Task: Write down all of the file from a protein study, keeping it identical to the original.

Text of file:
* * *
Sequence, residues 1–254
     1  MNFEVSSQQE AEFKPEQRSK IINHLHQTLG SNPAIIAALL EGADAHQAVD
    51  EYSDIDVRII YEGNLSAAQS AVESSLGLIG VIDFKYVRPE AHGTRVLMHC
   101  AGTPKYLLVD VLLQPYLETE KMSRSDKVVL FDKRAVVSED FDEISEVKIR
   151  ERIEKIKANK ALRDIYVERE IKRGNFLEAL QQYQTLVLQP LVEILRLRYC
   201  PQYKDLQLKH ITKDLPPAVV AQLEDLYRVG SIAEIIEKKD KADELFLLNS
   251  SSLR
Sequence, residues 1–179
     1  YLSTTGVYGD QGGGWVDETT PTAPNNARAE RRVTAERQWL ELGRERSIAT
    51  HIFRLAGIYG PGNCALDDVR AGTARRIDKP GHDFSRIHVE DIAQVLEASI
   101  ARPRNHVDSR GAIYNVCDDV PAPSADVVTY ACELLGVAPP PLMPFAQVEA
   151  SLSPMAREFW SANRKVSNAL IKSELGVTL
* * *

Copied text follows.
Sequence, residues 1–254
     1  MNFEVSSQQE AEFKPEQRSK IINHLHQTLG SNPAIIAALL EGADAHQAVD
    51  EYSDIDVRII YEGNLSAAQS AVESSLGLIG VIDFKYVRPE AHGTRVLMHC
   101  AGTPKYLLVD VLLQPYLETE KMSRSDKVVL FDKRAVVSED FDEISEVKIR
   151  ERIEKIKANK ALRDIYVERE IKRGNFLEAL QQYQTLVLQP LVEILRLRYC
   201  PQYKDLQLKH ITKDLPPAVV AQLEDLYRVG SIAEIIEKKD KADELFLLNS
   251  SSLR
Sequence, residues 1–179
     1  YLSTTGVYGD QGGGWVDETT PTAPNNARAE RRVTAERQWL ELGRERSIAT
    51  HIFRLAGIYG PGNCALDDVR AGTARRIDKP GHDFSRIHVE DIAQVLEASI
   101  ARPRNHVDSR GAIYNVCDDV PAPSADVVTY ACELLGVAPP PLMPFAQVEA
   151  SLSPMAREFW SANRKVSNAL IKSELGVTL